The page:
History of Egmont Key
Named in honor of John Perceval, the second Earl of Egmont and member of the Irish House of Commons in 1763, Egmont Key has had Spanish conquistadors and nuclear submarines pass its shores as they entered Tampa Bay.
In the 1830s, as shipping increased, so did the number of ships that were grounded on the numerous sandbars around Egmont Key. Congress authorized funds to construct a lighthouse on the island. When completed in 1848, it was the only lighthouse between St. Marks and Key West. When the Great Hurricane of 1848 struck in September, tides 15 feet above normal washed over the island and damaged the lighthouse. Another storm did additional damage, prompting Congress to appropriate funds to rebuild the lightkeeper’s residence and the lighthouse. In 1858, the lighthouse was reconstructed to "withstand any storm."
During the late 1850s, at the end of the Third Seminole War, the island served as a camp for captured Seminoles and was later occupied by the Union Navy during the Civil War.
In 1898, as the Spanish-American War threatened, Fort Dade was built on the island and remained active until 1923.
The Tampa Bay Pilots Association set up operations on the island in 1926. A pilot’s skill and knowledge is needed to guide ships safely in and out of the harbor. When ships approach Tampa Bay, a pilot boards that vessel and takes it to the docks. As the vessel leaves the dock, a pilot guides it out again. The pilots’ skill and knowledge helps guide the ships safely in and out of the harbor. This in turn protects the bay from environmental damage that could result from groundings and/or collisions.
Named for John Perceval, the second Earl of Egmont, the Key has had both Spanish conquistadors and nuclear submarines pass its shores. In the 1830s, as shipping increased so did the number of ship groundings leading Congress to authorize funds to construct a lighthouse - the only one between St. Marks and Key West.
In 1848 the Great Hurricane, with tides 15 feet above normal washed over the island, damaging the lighthouse. A following storm prompted Congress to appropriate funds to rebuild the lightkeeper's residence and a lighthouse that would `withstand any storm'. At the end of the Third Seminole War, the island served as a camp for captured Seminoles and was later occupied by the Union Navy during the Civil War.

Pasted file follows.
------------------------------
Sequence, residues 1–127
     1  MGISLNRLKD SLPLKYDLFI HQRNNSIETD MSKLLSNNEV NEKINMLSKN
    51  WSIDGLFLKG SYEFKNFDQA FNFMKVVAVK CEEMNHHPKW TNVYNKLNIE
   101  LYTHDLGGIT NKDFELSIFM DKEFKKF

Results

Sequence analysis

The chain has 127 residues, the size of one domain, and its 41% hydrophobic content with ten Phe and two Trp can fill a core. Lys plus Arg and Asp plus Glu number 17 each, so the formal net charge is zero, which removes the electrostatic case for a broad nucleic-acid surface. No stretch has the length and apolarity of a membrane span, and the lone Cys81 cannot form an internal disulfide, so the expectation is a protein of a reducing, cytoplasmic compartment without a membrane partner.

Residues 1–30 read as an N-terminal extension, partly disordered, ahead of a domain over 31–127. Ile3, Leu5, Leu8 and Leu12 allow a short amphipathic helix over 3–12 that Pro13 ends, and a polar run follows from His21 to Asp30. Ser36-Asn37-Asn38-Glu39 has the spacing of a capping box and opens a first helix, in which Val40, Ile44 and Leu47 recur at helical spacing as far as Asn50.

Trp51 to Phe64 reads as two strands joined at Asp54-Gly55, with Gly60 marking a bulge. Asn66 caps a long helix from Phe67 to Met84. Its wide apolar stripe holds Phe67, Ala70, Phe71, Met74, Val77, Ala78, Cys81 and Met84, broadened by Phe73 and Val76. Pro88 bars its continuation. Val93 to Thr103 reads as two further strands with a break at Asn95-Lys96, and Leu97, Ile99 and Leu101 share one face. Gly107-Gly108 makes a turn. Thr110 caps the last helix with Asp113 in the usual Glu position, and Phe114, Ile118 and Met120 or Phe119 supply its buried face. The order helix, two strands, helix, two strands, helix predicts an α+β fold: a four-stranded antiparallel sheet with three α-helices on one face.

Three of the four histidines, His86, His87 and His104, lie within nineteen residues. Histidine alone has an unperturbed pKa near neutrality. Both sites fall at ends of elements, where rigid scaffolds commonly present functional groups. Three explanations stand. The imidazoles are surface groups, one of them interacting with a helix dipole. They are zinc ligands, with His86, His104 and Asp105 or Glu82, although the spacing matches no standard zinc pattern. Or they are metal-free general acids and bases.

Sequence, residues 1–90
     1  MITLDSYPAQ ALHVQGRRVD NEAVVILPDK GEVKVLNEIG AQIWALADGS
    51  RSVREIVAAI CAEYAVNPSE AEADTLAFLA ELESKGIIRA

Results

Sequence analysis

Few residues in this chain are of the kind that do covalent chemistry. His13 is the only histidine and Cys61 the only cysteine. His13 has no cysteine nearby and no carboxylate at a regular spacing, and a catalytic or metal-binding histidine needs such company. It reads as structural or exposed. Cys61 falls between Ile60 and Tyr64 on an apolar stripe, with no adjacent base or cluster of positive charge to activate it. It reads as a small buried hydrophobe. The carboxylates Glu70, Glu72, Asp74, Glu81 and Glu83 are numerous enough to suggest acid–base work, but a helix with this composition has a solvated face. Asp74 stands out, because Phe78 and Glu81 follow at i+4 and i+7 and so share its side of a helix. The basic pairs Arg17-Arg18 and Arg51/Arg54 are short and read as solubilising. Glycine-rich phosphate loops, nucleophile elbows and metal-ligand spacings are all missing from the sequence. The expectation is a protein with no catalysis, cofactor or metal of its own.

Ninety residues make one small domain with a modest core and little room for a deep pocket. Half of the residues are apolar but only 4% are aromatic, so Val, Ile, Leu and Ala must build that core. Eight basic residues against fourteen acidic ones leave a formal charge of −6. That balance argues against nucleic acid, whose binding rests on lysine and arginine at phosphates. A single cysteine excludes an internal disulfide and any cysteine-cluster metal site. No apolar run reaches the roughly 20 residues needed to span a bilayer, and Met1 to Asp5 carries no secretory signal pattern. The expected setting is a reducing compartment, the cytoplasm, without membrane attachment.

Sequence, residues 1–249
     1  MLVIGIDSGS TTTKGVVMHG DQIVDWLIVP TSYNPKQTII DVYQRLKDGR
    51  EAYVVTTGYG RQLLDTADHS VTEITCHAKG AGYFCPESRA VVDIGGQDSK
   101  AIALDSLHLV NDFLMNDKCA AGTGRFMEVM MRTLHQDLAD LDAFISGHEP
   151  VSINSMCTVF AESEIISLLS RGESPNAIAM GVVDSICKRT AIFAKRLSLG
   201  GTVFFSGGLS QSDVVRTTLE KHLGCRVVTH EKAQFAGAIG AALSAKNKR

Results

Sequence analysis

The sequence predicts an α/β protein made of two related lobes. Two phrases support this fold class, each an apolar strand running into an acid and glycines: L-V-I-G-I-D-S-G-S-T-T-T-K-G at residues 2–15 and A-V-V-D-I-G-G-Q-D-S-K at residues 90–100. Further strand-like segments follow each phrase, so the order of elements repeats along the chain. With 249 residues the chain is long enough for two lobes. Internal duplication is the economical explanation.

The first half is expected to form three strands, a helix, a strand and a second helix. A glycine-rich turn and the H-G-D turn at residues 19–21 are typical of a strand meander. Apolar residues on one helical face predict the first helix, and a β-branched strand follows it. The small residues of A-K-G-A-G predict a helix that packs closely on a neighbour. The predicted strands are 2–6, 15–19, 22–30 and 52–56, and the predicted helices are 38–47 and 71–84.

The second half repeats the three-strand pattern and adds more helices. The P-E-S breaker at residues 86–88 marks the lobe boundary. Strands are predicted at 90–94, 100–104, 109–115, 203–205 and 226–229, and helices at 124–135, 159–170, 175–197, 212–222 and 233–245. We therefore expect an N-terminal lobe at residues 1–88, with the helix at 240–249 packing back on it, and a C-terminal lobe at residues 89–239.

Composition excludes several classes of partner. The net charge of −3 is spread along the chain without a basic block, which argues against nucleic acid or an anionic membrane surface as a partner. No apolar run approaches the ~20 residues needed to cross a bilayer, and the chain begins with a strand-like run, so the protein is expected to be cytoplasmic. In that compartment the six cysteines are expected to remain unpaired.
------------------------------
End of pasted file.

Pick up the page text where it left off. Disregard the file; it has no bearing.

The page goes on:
In 1898 as the Spanish-American War threatened, Fort Dade was built and remained active until 1923.
In 1926, the Tampa Bay Pilots Association set up operations on the island to assist approaching ships to navigate the harbor, helping to decrease groundings and protect the bay from environmental damage.
A lighthouse keeper's job could be a lonely one, often located far from neighbors and friends. The residence of Egmont Key's first lighthouse keeper is seen in this picture situated to the right of the dock and boathouse and surrounded by scrub. The lighthouse is to the left.
Temporary Tent Hospital, 1898
Egmont Key was occupied by military forces several times in the course of its history. At the end of the Third Seminole War (1855 - 1858), the United States Army detained Indian prisoners here including, it is believed, the well-known Billy Bowlegs. Confederate troops and later the Union Navy occupied the island during the Civil War. At the outset of the Spanish-American War in 1898, temporary hospitals such as the one shown in this image were used to treat soldiers wounded in the war.
2nd Keeper's House
Once the Civil War was over, the lighthouse keeper and his family again became the only inhabitants on Egmont Key until 1906 when construction on Fort Dade was completed.
Fort Dade, circa 1920
Fort Dade was established on Egmont Key in 1898 as a means to safeguard the Tampa Bay area from the imminent Spanish American-War. Construction on the fort was completed in 1906. The city had more than 300 residents and featured brick roads, electricity, telephones, a hospital, jail, movie theater, bowling alley and tennis courts. The fort was deactivated in 1923 and the Tampa Bay Pilots Association set up operations on the island in 1926. The pilots association currently inhabits the island, along with one Florida State Park staff member.
The second lighthouse keeper's residence and the lighthouse on Egmont Key in 1941.
The Coast Guard took over operations of the lighthouse in 1939, leaving the keeper's residence vacant. The decision was made to demolish the two-story home and replace it with a one-story barracks building. Today, the island is once again inhabited only by its caretakers. Nonetheless, its beaches, lighthouse and the ruins of long gone Fort Dade welcome visitors to walk the grounds and discover the past.